Speaking in the Senate on May 2, 2023, Minister in the Ministry of Finance, Brian Manning, noted that the Series A of the original NIF bonds, the five-year bond, is due to mature on August 9, 2023.
In the May 4 edition of the Business Guardian, in this space, Mr Manning was quoted as saying: “After this, NIF will launch a Series D bond, using appropriate State assets, which can be considered to be a NIF2 issue. The terms of the Series D NIF bonds will be similar to the original NIF bonds, appropriately adjusted for current market conditions.”
Mr Manning was, at the time, responding to a motion on the adjournment by Opposition Senator Wade Mark.
NIF2 and NIF Series D are one and the same. At a sitting of the Senate in late April, the Minister in the Ministry of Finance raised the possibility that shares in Methanol Holdings International Ltd (MHIL), a holding company for the Oman-based methanol producer, would form part of NIF2. Clico owns MHIL in partnership with Switzerland-based petrochemical giant, Proman.
At the April sitting, Mr Manning disclosed that on January 9, 2023, Government accepted an offer from Clico to acquire 19.63 per cent of its MHIL shares “as part of the reduction of the debt owed to the Government of the Republic of T&T (GORTT).”
He also disclosed that on February 21, 2023, NIF accepted an offer from Clico to acquire 17 per cent of its shares in MHIL.
That means Clico offered to sell a combined total of 36.63 per cent of the shares in MHIL to NIF, which is 100 per cent owned and controlled by Corporation Sole, and to the Government, through Corporation Sole.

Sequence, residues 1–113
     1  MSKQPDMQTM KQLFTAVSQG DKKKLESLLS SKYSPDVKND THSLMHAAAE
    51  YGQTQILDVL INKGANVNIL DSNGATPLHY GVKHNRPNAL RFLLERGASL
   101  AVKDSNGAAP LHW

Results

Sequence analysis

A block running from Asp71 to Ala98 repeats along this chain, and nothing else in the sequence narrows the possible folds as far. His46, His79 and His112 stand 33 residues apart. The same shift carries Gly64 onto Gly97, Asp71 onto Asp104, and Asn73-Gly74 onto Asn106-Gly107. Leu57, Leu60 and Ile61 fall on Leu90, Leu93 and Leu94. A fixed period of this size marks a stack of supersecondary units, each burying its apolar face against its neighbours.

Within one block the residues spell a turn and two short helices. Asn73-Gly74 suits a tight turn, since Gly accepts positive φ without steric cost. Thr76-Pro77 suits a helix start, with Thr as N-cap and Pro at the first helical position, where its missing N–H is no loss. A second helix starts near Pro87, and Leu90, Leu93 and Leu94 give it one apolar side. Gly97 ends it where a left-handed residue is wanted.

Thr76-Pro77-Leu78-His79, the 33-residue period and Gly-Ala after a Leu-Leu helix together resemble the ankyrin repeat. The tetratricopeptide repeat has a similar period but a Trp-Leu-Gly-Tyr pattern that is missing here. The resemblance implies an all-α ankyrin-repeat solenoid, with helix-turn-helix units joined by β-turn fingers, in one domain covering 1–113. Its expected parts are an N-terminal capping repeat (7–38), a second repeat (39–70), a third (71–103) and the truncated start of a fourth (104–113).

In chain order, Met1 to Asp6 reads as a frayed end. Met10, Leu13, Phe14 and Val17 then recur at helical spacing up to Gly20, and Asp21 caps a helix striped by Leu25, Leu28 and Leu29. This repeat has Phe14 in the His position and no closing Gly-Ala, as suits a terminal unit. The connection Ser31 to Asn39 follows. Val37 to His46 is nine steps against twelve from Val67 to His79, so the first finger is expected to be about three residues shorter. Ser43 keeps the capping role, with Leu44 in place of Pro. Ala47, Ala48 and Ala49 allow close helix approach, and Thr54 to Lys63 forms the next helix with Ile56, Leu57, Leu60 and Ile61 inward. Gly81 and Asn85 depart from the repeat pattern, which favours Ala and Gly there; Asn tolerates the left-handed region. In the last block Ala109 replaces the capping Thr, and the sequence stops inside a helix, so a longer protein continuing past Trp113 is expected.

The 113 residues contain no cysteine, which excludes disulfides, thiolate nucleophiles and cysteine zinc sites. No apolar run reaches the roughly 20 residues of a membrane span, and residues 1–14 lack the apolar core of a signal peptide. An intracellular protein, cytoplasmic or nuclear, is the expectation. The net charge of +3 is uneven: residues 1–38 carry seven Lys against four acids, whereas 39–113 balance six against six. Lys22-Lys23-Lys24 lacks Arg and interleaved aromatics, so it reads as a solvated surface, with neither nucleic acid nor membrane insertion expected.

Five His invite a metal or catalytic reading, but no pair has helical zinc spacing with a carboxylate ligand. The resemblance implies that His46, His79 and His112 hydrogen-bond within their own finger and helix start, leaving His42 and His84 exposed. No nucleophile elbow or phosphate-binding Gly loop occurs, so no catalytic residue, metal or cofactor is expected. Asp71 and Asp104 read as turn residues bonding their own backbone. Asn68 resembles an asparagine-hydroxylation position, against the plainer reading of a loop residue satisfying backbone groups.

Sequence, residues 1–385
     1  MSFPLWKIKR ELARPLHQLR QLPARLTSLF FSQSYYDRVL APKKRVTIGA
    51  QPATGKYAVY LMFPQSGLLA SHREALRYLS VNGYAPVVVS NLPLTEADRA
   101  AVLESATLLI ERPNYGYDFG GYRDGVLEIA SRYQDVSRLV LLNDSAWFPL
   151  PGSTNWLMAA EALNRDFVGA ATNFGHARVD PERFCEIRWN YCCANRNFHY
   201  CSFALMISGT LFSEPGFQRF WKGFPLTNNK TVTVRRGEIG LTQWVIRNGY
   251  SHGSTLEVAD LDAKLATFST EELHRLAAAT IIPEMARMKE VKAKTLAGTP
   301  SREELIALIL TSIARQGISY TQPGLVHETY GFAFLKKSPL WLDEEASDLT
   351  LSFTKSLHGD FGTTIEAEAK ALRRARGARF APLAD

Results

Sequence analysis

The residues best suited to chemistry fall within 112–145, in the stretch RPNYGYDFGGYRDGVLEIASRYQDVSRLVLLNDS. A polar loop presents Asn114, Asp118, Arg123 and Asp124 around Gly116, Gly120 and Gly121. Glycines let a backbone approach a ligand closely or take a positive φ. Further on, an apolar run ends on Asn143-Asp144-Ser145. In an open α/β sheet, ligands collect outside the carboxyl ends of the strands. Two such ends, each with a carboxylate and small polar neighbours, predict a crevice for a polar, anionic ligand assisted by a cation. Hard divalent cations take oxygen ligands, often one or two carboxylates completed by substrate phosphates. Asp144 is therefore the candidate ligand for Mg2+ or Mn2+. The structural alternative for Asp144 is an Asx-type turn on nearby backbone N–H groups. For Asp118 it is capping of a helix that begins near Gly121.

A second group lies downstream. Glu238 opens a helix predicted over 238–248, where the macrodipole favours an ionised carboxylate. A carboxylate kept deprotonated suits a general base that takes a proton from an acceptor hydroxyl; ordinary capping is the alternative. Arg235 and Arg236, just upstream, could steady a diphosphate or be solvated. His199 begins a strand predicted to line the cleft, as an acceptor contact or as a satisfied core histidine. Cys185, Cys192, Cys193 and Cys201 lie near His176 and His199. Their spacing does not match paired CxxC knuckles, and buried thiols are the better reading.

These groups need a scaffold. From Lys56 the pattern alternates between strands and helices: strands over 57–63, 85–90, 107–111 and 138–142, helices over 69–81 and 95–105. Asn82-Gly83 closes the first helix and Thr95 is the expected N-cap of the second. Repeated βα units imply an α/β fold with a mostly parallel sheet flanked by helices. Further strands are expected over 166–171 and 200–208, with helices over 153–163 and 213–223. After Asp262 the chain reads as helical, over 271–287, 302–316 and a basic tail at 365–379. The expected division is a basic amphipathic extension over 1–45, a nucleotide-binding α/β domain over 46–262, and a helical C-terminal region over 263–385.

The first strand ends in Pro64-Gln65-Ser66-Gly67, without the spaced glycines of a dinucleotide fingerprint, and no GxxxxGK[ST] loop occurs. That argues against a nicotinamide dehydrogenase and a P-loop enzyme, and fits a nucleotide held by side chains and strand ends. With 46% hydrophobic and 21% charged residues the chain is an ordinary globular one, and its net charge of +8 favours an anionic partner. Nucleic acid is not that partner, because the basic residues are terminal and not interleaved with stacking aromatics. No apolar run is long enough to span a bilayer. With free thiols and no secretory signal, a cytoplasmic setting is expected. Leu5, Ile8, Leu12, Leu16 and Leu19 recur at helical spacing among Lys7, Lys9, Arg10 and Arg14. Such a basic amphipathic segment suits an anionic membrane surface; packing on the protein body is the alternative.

By my estimate, the shares that Clico offered to NIF and the Government are worth US$218.34 million ($1.47 billion).
Mr Manning also told the Senate in April: “To date, Clico has signed share-acquisition agreements and share transfer forms with the Government of the Republic of T&T and NIF, but the share register of MHIL has not yet been amended to reflect the transfers.”
The obvious interpretation of Mr Manning’s comment that “the share register of MHIL has not yet been amended to reflect the transfers,” is that there is a legal dispute between Clico and Proman over the amendment of the MHIL share register to reflect the transfer of shares to NIF and the Government.
If there is a legal dispute–and neither Clico nor Proman has said there is a legal dispute, to be fair–where does that leave the Government’s 32.68 per cent stake in the Republic Bank group, assuming that the Government does plan to make the Republic Bank group part of NIF2?
It leaves the whole issue of NIF2 in abeyance until the MHIL share register can be amended to reflect the transfer of shares to NIF and the Government. That could take days or years, depending on whether Proman decides to take the issue of the disposition of Clico’s shares in MHIL to arbitration.
But the point needs to be made, once again unfortunately, that the T&T Government’s 32.68 per cent shareholding in the Republic Bank group would normally trigger T&T’s Take-Over Byelaws. And the Trinidad and Tobago Securities and Exchange Commission still has not responded substantively to my query on this issue first made on February 1, 2023.
If the Government plans to make some or all of its shareholding in the Republic Bank group part of NIF2, also called Series D, can’t the Minister of Finance just come out and say so?